Broadcast television revenues slip again in 2013

Canada's traditional broadcasters made less money last year even as a reduction in the cost of doing business was outpaced by a sharp decline in advertising revenue.
Conventional broadcasters are earning less money and cutting back on spending, a CRTC report shows. (CBC)

Canada's traditional broadcasters made less money last year even as a reduction in the cost of doing business was outpaced by a sharp decline in advertising revenue.

Canada's broadcast regulator, the Canadian Radio-television and Telecommunications Commission, said in a report Tuesday that Canada's private television networks took in more than $1.9 billion in revenue in the most recent fiscal year, which ended in August.

That was a 4.6 per cent decline from the previous year, which saw Canada's major broadcasters take in some $2.03 billion. (That, too, was a four per cent decline from the previous year's level.)

The industry as a whole posted a loss before taxes of just over $69 million. That's more than twice as much as the loss seen the previous year.

(The CRTC report covers so-called "conventional" television stations, and doesn't include specialty channels like BNN, CBCNN, TSN, HGTV and YTV. The financial picture for that segment of the broadcast landscape looks much better, as a separate set of CRTC data released last week showed such channels combining to earn more than $4 billion during the same period.)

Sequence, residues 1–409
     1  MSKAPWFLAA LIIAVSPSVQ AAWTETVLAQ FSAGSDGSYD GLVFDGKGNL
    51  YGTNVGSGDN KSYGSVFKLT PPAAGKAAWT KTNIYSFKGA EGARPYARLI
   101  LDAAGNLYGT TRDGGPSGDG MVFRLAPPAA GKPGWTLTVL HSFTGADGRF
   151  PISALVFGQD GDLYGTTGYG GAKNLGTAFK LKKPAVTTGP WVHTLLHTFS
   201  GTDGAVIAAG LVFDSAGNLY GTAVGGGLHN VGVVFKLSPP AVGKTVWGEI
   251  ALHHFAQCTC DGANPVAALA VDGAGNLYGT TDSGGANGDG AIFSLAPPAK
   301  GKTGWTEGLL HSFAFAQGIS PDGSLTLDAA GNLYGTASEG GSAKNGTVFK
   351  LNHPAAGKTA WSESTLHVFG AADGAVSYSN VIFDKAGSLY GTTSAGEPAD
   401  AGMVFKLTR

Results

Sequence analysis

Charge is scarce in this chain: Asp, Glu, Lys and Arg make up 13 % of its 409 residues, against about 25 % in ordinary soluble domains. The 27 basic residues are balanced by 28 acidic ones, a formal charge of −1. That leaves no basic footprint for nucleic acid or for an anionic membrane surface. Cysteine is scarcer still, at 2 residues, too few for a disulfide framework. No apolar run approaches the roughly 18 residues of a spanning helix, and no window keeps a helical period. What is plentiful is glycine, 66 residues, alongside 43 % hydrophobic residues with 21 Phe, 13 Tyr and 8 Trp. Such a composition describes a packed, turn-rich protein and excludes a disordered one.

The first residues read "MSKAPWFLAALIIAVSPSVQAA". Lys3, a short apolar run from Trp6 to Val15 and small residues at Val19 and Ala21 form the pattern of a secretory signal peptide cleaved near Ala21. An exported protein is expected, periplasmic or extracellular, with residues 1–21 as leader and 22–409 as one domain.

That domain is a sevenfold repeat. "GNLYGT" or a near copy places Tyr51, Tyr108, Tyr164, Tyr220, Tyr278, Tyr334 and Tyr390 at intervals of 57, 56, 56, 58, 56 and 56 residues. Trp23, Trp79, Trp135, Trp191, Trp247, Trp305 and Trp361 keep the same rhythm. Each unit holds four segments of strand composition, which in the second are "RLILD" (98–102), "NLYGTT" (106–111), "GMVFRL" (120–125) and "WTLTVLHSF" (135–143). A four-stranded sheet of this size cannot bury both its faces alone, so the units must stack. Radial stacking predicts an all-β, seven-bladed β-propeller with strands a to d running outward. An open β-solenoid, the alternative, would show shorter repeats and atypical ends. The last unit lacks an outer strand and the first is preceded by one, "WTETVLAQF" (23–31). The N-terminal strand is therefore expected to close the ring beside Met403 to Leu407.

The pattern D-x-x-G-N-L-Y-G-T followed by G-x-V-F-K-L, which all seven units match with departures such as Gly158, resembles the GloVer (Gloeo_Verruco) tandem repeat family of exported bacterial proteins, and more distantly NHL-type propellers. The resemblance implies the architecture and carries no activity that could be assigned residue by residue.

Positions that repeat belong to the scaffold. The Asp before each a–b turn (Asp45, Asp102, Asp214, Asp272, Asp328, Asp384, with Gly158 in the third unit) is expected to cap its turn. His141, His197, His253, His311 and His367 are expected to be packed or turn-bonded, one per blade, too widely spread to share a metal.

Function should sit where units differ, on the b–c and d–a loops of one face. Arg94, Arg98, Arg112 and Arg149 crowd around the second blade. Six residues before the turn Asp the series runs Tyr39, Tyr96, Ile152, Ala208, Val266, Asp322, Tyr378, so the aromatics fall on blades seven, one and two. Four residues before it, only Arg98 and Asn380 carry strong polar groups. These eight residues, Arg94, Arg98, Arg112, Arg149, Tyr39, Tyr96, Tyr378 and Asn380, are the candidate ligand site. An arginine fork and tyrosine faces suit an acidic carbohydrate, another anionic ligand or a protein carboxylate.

Much of the decline for conventional TV was related to a slowdown in advertising revenue, which fell 5.3 per cent to $1.28 billion last year from $1.35 billion the 12 months before that. Local ad sales slipped one per cent to $351 million. But a loss of $39 million from the Local Program Improvement Fund was also a contributor to the overall decline in revenues.

That ad slide was met with a corresponding decrease in those channels' expenses, which shrank by a little over three per cent from just over $1.9 billion to about $1.85 billion.

With lower revenues (and lower costs) conventional channels spent less on Canadian programming, too. "Investments by private local television stations in Canadian-made programs decreased by 8.5 per cent from $661.8 million in 2012 to $605.4 million in 2013," the CRTC said in a release.

But part of that drop is explained by the reduction in spending compared to 2012, when CTV lavished money on coverage of the London Olympic Games, the regulator notes.

While the CRTC figures for conventional networks do not include CBC figures, the public broadcaster experienced a similar decline in ad spending.

For the year as a whole, CBC/SRC reported advertising revenues of $331.1 million, which represented an 11 per cent decrease from the $372.7 million generated the previous year. The public broadcaster also spent $724.6 million on programming during the year, 97 per cent of which was spent on Canadian programs.